The limitations of polling data in understanding public support for COVID-19 lockdown policies

Colin M.G. Foad, Lorraine Whitmarsh, Paul H.P. Hanel, Geoffrey Haddock

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8 Citations (SciVal)


Opinion polls regarding policies designed to tackle COVID-19 have shown public support has remained high throughout the first year of the pandemic in most places around the world. However, there is a risk that headline support over-simplifies people's views. We carried out a two-wave survey with six-month interval on a public sample (N = 212) in the UK, examining the factors that underpin lockdown policy support. We find that the majority of people support most public health measures introduced, but that they also see significant side effects of these policies, and that they consider many of these side effects as unacceptable in a cost-benefit analysis. We also find that people judged the threat of COVID-19 via the magnitude of the policy response, and that they do not use their perception of the personal threat to themselves or close others to guide their support for policy. Polling data only offer one simple perspective and do not illustrate the ambivalence many people feel around lockdown policies. There is also a meaningful risk of public opinion and government policy forming a symbiotic relationship, which impacts upon how effectively such policies are implemented both now, and in relation to future threats.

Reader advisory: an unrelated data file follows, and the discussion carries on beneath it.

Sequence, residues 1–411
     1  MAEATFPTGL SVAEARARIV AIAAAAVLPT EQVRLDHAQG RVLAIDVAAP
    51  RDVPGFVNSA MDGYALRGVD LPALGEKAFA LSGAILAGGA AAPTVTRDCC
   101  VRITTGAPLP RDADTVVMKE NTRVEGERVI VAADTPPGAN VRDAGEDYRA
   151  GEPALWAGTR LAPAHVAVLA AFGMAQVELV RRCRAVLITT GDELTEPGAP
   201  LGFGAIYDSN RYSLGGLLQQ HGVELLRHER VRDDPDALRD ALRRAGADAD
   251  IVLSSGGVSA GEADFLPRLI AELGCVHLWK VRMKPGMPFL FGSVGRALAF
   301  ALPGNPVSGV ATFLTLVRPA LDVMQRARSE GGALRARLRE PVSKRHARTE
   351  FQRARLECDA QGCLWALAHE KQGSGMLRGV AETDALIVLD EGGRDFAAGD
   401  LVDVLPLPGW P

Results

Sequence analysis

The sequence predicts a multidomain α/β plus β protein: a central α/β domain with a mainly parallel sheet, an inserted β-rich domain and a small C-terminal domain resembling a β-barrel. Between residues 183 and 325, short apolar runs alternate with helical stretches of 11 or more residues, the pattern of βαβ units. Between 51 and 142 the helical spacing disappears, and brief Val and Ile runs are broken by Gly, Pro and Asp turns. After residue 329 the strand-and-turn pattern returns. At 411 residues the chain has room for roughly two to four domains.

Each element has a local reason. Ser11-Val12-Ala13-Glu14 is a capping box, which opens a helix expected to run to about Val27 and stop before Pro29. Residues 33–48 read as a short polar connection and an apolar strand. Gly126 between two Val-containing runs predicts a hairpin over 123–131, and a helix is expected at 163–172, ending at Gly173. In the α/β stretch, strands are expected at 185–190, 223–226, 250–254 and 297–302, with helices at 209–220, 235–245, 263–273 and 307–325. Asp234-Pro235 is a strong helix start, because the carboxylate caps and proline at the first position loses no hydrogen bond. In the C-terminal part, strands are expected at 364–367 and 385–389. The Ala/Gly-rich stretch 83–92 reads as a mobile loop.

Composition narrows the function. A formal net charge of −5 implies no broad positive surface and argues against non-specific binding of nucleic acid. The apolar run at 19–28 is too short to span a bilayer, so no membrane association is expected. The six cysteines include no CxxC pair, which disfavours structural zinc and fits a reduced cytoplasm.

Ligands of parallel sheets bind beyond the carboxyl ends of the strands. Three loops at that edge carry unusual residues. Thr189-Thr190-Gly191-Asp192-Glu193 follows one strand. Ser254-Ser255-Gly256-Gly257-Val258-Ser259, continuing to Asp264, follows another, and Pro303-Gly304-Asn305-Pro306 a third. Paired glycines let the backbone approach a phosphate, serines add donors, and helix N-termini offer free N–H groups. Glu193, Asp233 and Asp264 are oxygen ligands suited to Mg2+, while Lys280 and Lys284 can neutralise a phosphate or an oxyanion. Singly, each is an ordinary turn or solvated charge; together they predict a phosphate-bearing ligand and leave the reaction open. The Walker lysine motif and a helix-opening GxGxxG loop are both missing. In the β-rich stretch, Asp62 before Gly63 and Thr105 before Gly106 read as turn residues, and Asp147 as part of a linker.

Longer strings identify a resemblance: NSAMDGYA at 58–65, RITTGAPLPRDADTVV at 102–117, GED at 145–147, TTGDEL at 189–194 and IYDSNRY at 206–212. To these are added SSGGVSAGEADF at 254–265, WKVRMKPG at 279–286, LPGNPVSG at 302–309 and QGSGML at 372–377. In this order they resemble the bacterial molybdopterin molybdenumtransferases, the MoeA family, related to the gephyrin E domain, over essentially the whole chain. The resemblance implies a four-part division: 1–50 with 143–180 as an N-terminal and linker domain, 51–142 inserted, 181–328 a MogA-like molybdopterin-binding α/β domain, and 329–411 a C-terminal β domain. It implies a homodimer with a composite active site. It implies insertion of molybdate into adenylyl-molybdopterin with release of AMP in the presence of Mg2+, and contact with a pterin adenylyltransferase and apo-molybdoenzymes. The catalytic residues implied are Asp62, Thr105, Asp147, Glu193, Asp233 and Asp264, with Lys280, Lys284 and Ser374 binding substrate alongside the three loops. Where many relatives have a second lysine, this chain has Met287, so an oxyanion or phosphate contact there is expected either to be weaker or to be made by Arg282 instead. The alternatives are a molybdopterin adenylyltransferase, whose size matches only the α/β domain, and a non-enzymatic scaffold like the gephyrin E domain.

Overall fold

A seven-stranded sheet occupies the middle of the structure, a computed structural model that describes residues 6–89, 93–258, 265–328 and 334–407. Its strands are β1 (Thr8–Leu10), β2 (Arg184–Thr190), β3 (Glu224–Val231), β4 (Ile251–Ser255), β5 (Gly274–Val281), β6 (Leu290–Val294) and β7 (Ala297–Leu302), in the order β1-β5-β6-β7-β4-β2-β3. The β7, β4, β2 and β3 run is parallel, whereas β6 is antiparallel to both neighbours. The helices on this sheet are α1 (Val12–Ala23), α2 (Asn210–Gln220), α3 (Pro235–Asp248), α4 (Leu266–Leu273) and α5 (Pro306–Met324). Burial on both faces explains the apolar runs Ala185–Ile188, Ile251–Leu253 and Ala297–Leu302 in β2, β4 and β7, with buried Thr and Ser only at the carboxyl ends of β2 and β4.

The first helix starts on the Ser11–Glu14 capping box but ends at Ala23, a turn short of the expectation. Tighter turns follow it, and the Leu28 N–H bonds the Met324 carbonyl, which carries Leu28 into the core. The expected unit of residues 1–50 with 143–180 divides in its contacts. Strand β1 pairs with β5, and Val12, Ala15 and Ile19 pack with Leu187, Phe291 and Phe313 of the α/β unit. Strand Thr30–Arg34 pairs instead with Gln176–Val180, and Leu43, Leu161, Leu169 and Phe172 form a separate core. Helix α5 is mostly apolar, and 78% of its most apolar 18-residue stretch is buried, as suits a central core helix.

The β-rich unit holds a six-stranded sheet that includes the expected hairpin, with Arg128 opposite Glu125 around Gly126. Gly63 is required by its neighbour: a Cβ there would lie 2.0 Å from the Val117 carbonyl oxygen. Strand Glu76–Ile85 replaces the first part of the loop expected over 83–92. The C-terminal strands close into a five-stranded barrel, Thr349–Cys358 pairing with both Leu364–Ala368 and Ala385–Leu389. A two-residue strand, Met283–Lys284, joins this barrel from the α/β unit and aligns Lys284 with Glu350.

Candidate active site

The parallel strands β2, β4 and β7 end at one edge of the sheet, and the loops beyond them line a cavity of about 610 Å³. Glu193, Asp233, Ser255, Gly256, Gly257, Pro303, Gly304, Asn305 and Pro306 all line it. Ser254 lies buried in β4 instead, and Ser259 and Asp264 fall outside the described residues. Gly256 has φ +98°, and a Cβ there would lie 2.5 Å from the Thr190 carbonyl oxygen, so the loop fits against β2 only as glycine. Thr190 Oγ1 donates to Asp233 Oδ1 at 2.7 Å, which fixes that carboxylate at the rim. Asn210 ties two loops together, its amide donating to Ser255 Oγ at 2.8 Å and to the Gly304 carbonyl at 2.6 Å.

Original languageEnglish
Article number210678
JournalRoyal Society Open Science
Issue number7
Early online date7 Jul 2021
Publication statusPublished - 31 Jul 2021


  • attitude formation
  • COVID-19
  • policy
  • polling data
  • public support

ASJC Scopus subject areas

  • General


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